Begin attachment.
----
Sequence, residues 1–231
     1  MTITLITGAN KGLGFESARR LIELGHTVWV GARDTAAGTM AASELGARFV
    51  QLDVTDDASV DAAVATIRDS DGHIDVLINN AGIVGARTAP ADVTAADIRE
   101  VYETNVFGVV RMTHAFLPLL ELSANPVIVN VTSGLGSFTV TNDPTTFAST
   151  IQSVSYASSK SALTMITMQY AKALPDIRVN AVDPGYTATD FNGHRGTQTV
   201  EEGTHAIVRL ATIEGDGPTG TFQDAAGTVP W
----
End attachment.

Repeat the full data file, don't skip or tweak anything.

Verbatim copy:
Sequence, residues 1–231
     1  MTITLITGAN KGLGFESARR LIELGHTVWV GARDTAAGTM AASELGARFV
    51  QLDVTDDASV DAAVATIRDS DGHIDVLINN AGIVGARTAP ADVTAADIRE
   101  VYETNVFGVV RMTHAFLPLL ELSANPVIVN VTSGLGSFTV TNDPTTFAST
   151  IQSVSYASSK SALTMITMQY AKALPDIRVN AVDPGYTATD FNGHRGTQTV
   201  EEGTHAIVRL ATIEGDGPTG TFQDAAGTVP W